Most Active Stories
- Nuala Pell, Spouse And Political Partner Of Sen. Claiborne Pell, Dies
- Scott MacKay Commentary: We Remember: Patriot's Day 2014
- Brown University Looking To Become Center For Brazilian Study
- Beer, Wine Bills Backed By Farm Breweries And Wineries, But Not Liquor Industry
- Remembering Local Musician David Lamb Of Brown Bird
Sun January 12, 2003
Hornoff Speaks Out
By Kelly McEvers
Warwick – After more than six years in prison former Warwick police officer Scott Hornoff says he has no bitterness. On Wednesday he scolded police, prosecutors, and media for lack of vigilance in his case. In particular he pointed to the police officers who investigated him. He wondered aloud if the two men who investigated him were promoted for his conviction.
"If so, I call on their colonel to at least demote them both to patrolmen for their misconduct, but I know that will never happen. The state police never admit to their many mistakes. Perhaps, that's one of the reasons they are not well liked or respected by the real cops who work in the cities and towns of Rhode Island," said Hornoff.
Victoria Cushman was found murdered in 1989. Hornoff was an early suspect because of a love letter to him that police found in Cushman's apartment. Hornoff was not officially accused of the crime until five years later. The case was then sent to state police.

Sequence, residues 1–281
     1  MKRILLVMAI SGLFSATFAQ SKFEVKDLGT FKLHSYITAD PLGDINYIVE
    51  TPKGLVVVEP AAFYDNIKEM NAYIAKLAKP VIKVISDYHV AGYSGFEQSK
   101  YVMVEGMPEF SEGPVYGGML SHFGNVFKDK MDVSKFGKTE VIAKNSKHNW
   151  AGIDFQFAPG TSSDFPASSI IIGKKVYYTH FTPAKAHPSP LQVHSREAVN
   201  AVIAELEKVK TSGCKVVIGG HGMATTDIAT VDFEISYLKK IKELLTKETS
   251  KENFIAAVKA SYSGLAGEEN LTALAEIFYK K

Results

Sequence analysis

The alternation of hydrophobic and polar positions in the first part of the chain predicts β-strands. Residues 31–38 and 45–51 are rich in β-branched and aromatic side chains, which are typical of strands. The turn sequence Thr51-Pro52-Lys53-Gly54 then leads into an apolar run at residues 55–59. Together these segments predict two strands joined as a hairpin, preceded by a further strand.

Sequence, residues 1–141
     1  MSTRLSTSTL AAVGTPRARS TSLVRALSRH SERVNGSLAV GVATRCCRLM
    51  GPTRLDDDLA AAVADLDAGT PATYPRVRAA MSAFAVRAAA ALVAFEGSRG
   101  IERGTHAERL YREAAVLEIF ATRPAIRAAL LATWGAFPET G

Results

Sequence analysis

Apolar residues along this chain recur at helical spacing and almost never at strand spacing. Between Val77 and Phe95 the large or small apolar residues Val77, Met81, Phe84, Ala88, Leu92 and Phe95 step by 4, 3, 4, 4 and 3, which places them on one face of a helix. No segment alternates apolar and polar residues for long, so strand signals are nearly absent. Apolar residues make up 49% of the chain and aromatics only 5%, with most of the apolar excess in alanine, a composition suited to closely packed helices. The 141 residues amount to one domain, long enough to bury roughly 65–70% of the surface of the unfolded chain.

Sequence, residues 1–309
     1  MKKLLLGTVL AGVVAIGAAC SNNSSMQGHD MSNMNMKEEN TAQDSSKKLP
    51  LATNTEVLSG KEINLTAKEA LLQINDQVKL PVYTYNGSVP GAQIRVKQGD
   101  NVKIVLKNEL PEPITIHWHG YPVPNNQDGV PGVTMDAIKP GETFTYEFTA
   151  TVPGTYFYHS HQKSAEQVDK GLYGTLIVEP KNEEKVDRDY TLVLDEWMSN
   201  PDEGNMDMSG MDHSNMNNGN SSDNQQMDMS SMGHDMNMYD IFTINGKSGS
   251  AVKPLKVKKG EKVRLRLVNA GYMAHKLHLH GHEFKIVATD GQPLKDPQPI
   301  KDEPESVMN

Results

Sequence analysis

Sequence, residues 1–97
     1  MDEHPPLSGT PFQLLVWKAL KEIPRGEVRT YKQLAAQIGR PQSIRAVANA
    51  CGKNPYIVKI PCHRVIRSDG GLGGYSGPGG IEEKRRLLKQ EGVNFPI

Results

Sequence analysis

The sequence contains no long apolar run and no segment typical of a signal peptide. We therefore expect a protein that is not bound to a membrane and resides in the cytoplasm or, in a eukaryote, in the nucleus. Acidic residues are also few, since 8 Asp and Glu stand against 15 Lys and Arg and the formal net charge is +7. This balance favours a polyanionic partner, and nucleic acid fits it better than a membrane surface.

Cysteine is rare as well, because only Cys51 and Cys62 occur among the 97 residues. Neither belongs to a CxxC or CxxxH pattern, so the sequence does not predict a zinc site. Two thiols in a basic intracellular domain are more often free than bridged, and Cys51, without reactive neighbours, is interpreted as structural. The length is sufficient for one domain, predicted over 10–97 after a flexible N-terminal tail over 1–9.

"I stand by the investigation. We got the case, when it was three years old. The investigators interviewed somewhere in the area of one hundred people. The case is thirteen years old," said State Police Major John Leyden.
Hornoff admits he initially lied when confronted about an affair with Cushman. He says he was trying to protect his wife and soon owned up to that lie. That lie and other inconcistancies led to his conviction, despite a lack of any physical evidence linking him to the murder scene.
"State police interviewed Scott Hornoff three years after the initial incident. The grand jury testimony was given five years after the initial incident. How good is your memory on specific facts three and five years after the fact?" asked Hornoff's attorney, Joel Chase.
Hornoff says he does not want to dwell on the past and watns to look to future. He says he might want to return to a career in law enforcement. He says he also wants to help an inmate who he believes was wrongfully convicted. He may also become a spokesman against wrongful convictions and poor prison conditions. He describes his time in prison as long and difficult and says there's no surprise there are so many repeat offenders.
"Bad people are being made worse, and good people are being made bitter and resentful. There's no surprise that they keep going back. Yet, it's a big business and it's relied upon that they do keep going back," said Hornoff.
Whatever his future, Hornoff also wants to put his private life back together. One of his three sons was born, while he was in prison. Hornoff says he is considering legal options to recoup his losses. His lawyer says no particular legal action has been discussed.